The following comes from a March 23 Catholic News Agency article by Matt Hadro:
The case Zubik v. Burwell is a combination of seven cases before the Supreme Court against the “accommodation” offered to religious non-profits by the Obama administration regarding its federal contraception mandate. Plaintiffs include the Little Sisters of the Poor, the Archdiocese of Washington, Bishop David Zubik of Pittsburgh, and several Christian colleges.
Paul D. Clement, arguing for the Little Sisters and their fellow petitioners before the court on Wednesday, said this process still demands more than a simple opt-out. It forces the Little Sisters and other religious charities to fill out a form they know will ultimately facilitate access to birth control against their religious beliefs, he said.
The government also enforces this measure with “massive penalties,” he added. The Little Sisters could pay up to $70 million a year in fines if the mandate goes into effect and they do not comply with accommodation.
However, Justice Ruth Bader Ginsburg argued during the hearing, “the insurer or the TPA is then not dealing with the employer at all.” The employer “could say, ‘I fill out the form. I do not authorize. I do not permit. It won’t make any difference’.”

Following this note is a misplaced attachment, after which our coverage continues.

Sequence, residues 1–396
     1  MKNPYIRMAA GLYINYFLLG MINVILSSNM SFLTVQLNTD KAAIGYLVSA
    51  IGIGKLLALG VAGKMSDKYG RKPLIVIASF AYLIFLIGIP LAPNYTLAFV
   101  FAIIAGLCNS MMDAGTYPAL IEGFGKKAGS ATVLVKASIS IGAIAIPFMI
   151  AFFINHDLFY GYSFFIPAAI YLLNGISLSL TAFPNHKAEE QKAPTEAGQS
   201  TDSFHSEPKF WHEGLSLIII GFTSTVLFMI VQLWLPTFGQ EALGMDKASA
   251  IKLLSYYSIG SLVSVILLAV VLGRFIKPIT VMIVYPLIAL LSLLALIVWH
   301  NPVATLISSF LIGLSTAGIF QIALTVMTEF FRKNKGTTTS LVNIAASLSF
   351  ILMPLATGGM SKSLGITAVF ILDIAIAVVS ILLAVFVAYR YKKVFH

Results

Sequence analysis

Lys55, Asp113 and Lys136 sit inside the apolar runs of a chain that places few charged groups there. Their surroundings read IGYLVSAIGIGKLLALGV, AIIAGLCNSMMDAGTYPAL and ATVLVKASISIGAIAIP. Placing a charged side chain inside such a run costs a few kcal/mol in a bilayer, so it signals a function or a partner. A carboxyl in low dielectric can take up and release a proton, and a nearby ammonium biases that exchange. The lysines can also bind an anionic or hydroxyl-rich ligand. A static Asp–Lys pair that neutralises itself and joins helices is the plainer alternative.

“It makes all the difference, Justice Ginsburg,” Clement countered. “If we don’t provide the form, then the coverage doesn’t flow.”
Justice Sonia Sotomayor responded that tension between laws and the religious beliefs of persons is inevitable, and that if all requests for religious exemption from laws were honored, government actions could not be enforceable.
“Because every believer that’s ever come before us, including the people in the military, are saying that ‘my soul will be damned in some way’,” she said of requests for religious exemptions from laws and actions like a military draft. If that burden will “always” be “substantial,” she added, and all religious exemptions are honored, “how will we ever have a government that functions?”
Aside from a cloistered monk or hermit, Justice Stephen Breyer noted, a “religious person” living in society may “have to accept all kinds of things that are just terrible for him.” Quakers must pay taxes for a war they conscientiously object to, he said. Religious people against blasphemy might not like First Amendment protections of it.
Noel Francisco, also arguing for the plaintiffs, said that religious non-profits should get the same protections as churches, which are exempt from the mandate.
Justice Elena Kagan pressed him on expanding religious exemptions to charities and non-profits.
“I thought there was a very strong tradition in this country, which is that when it comes to religious exercises, churches are special,” she said. If these religious protections are expanded to include “all religious people,” she argued, “then the effect of that is that Congress just decides not to give an exemption at all.”